Report: Nearly 50 percent of jobs held by women in the Caribbean are ‘precarious’

A new report by the Economic Commission for Latin America and the Caribbean says that nearly half of the women in Latin America and the Caribbean who have paid work — 47.7 percent —are employed in low-productivity jobs that offer little social protection.

The group identified these workers as domestics, independent contractors, or workers in companies of up to five employees.

The report was released in Santiago, Chile during a Special Session on Beijing+20 in which Chilean President Michelle Bachelet participated, and was presented by the commission’s Executive Secretary, Alicia Bárcena.

Other speakers included Alejandrina Germán, the Dominican Republic’s Minister of Women’s Affairs and President of the Presiding Officers of the Regional Conference on Women in Latin America and the Caribbean, as well as Gülden Türköz-Cosslett, Officer-in-Charge of the Policy and Programme Bureau of the United Nations Entity for Gender Equality and the Empowerment of Women (UN-Women).

The report says that one in every three women in the region has no income of her own and that the amount of time that women dedicate to unpaid work is at least double that of men.

“The burden of unpaid work reduces women’s participation in decision-making and limits their professional progress and occupational options, which in turn reduces their income and their prospects for accessing social protection,” the document says.

The Special Session on Beijing+20, which ended here on Friday, was held in the framework of the 51st meeting of the Presiding Officers of the Regional Conference on Women in Latin America and the Caribbean, in which participants include ministers of women’s affairs, international officials and civil society representatives from the region, the group said.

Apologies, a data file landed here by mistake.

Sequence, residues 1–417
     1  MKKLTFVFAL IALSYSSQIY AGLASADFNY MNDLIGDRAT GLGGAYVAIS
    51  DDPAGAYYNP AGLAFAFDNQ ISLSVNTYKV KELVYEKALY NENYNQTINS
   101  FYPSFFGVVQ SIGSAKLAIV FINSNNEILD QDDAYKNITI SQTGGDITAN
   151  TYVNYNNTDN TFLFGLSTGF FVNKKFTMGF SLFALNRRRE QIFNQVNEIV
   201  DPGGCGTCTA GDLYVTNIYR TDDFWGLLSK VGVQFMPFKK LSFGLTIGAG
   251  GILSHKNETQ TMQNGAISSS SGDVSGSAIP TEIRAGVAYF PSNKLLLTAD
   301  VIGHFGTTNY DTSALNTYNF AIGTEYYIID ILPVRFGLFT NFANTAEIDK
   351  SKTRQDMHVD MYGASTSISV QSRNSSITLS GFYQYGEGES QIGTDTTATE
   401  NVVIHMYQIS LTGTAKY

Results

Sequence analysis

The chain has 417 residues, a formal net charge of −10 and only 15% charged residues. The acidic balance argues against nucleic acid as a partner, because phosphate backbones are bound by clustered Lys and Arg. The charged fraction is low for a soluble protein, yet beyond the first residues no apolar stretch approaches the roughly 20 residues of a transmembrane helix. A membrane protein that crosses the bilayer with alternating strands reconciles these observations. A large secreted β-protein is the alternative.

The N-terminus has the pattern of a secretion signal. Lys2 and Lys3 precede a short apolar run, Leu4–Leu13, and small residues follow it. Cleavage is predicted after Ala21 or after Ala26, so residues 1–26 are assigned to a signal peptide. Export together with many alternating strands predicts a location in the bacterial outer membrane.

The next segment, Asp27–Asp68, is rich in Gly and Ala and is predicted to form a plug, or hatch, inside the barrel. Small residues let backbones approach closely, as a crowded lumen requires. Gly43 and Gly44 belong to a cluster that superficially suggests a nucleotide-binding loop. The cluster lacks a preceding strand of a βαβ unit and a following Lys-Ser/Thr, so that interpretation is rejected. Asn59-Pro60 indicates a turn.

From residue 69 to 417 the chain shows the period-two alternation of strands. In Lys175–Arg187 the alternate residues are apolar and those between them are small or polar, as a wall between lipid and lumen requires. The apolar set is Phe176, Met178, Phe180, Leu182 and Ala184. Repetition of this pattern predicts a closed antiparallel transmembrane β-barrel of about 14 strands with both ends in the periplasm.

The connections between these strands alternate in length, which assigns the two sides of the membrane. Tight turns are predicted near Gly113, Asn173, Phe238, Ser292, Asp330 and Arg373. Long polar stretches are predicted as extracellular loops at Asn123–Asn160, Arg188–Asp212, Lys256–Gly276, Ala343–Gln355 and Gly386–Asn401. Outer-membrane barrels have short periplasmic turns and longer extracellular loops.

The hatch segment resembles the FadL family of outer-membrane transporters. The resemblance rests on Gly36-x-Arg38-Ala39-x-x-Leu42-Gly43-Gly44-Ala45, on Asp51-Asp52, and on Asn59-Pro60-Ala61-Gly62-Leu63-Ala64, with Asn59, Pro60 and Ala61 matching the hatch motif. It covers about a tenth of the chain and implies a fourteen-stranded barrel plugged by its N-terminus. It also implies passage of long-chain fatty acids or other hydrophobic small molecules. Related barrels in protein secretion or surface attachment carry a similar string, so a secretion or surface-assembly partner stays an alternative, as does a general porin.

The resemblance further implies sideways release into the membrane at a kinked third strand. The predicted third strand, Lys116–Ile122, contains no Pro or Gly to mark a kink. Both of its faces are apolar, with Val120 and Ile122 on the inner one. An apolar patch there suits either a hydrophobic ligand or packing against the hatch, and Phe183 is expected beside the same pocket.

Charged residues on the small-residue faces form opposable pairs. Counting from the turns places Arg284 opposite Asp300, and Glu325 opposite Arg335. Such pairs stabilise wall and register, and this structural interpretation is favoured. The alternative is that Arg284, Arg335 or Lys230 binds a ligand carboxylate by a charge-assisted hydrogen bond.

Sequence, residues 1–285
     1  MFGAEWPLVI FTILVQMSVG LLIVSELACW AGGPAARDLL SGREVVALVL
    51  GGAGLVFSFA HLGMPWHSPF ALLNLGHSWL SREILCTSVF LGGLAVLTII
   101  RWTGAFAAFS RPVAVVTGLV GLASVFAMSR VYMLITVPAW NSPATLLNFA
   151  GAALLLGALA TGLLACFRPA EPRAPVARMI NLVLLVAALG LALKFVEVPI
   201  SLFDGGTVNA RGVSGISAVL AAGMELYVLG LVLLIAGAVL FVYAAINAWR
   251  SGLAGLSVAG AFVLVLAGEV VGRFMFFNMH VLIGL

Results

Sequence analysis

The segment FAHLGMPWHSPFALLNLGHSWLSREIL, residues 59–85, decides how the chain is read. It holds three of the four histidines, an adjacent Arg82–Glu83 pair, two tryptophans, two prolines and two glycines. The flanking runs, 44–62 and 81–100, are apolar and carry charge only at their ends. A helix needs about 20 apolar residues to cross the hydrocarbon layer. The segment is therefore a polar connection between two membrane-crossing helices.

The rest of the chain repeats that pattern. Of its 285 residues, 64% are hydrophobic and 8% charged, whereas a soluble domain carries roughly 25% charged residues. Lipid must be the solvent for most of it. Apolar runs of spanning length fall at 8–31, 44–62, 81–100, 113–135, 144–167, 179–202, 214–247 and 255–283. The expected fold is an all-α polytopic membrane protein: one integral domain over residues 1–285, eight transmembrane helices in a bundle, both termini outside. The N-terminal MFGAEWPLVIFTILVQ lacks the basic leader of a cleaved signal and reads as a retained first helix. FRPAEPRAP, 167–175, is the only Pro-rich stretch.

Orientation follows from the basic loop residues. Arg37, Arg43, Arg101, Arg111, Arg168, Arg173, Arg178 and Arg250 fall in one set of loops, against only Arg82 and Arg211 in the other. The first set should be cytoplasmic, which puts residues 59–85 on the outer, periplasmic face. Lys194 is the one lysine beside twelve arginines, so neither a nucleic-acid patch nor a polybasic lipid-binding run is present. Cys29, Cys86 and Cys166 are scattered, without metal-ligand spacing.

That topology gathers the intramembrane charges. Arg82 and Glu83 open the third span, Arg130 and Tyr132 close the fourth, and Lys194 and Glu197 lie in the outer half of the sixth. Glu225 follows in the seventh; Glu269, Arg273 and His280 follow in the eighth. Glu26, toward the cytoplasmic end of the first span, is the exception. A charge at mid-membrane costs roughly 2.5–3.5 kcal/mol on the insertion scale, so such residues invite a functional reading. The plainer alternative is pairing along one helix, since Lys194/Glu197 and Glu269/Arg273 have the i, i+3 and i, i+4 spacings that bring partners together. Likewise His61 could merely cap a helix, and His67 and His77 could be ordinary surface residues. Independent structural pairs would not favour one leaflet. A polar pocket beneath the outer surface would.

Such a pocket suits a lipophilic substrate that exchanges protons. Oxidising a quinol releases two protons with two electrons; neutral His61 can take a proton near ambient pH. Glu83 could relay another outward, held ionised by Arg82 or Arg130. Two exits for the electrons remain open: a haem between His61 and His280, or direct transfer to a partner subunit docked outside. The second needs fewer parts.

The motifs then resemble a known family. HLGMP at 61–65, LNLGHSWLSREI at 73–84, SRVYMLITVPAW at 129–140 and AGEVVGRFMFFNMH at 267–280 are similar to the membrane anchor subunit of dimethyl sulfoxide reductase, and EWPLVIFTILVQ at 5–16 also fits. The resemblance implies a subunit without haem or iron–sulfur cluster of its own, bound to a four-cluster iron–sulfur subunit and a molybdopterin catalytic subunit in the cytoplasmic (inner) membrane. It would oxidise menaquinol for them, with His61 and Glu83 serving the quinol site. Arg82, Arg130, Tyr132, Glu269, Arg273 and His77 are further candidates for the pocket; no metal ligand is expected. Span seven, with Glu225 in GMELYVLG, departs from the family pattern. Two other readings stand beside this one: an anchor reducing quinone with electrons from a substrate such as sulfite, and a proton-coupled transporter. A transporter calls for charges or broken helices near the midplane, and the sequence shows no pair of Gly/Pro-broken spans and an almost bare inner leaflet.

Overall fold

“In these 20 years, we have seen significant progress for women in many aspects, but we have also seen setbacks, regional differences and difficulties in relevant areas due to the emergence of new forms of discrimination. This requires that we redouble our efforts,” said Chilean President Michelle Bachelet, who pointed to the convergence of the struggle for equality with the struggle for democracy.

Bárcena praised the agreements reached by countries in the context of the Regional Conference on Women in Latin America and the Caribbean especially during the most recent meetings in Quito (2007), Brasilia (2010) and Santo Domingo (2013).

“Today, we call on governments and civil society to join forces and avert setbacks,” especially now that the gender perspective must be included in all aspects of the post-2015 development agenda, she stressed.

“In these 20 years, the labor market structure has not changed and in light of data on the distribution of time between women and men, it is clear that women have assumed the costs of labor participation on an individual basis,” Bárcena said.

She emphasized that women’s paths to economic autonomy must be strengthened and gains made in terms of physical autonomy and decision-making must be consolidated further.

Germán called for “continued progress, promoting the incorporation of the women’s agenda in the Sustainable Development Goals (which will replace the Millennium Development Goals starting in 2015) to achieve autonomy among women and full equality between men and women in the economic, social, political and cultural spheres.”

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